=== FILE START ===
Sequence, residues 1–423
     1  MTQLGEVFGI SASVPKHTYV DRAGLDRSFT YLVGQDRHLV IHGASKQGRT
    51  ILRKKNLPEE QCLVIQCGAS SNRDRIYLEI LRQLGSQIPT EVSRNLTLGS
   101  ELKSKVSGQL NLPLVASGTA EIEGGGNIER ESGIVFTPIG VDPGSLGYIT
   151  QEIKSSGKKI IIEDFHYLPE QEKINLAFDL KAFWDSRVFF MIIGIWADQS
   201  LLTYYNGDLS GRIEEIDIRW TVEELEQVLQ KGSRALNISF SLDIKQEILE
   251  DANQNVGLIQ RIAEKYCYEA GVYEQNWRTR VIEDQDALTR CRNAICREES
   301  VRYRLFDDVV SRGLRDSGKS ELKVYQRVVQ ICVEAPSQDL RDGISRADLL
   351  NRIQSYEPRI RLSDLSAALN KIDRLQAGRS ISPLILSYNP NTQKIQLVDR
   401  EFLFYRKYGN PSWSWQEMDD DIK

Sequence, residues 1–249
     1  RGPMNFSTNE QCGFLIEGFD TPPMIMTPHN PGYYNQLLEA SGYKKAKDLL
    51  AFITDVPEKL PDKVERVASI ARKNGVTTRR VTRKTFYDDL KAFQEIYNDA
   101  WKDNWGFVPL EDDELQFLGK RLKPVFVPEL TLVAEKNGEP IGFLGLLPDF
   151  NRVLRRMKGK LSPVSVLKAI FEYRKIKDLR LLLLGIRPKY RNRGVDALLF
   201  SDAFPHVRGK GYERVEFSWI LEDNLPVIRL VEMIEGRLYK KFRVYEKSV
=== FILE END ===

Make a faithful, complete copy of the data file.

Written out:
Sequence, residues 1–423
     1  MTQLGEVFGI SASVPKHTYV DRAGLDRSFT YLVGQDRHLV IHGASKQGRT
    51  ILRKKNLPEE QCLVIQCGAS SNRDRIYLEI LRQLGSQIPT EVSRNLTLGS
   101  ELKSKVSGQL NLPLVASGTA EIEGGGNIER ESGIVFTPIG VDPGSLGYIT
   151  QEIKSSGKKI IIEDFHYLPE QEKINLAFDL KAFWDSRVFF MIIGIWADQS
   201  LLTYYNGDLS GRIEEIDIRW TVEELEQVLQ KGSRALNISF SLDIKQEILE
   251  DANQNVGLIQ RIAEKYCYEA GVYEQNWRTR VIEDQDALTR CRNAICREES
   301  VRYRLFDDVV SRGLRDSGKS ELKVYQRVVQ ICVEAPSQDL RDGISRADLL
   351  NRIQSYEPRI RLSDLSAALN KIDRLQAGRS ISPLILSYNP NTQKIQLVDR
   401  EFLFYRKYGN PSWSWQEMDD DIK

Sequence, residues 1–249
     1  RGPMNFSTNE QCGFLIEGFD TPPMIMTPHN PGYYNQLLEA SGYKKAKDLL
    51  AFITDVPEKL PDKVERVASI ARKNGVTTRR VTRKTFYDDL KAFQEIYNDA
   101  WKDNWGFVPL EDDELQFLGK RLKPVFVPEL TLVAEKNGEP IGFLGLLPDF
   151  NRVLRRMKGK LSPVSVLKAI FEYRKIKDLR LLLLGIRPKY RNRGVDALLF
   201  SDAFPHVRGK GYERVEFSWI LEDNLPVIRL VEMIEGRLYK KFRVYEKSV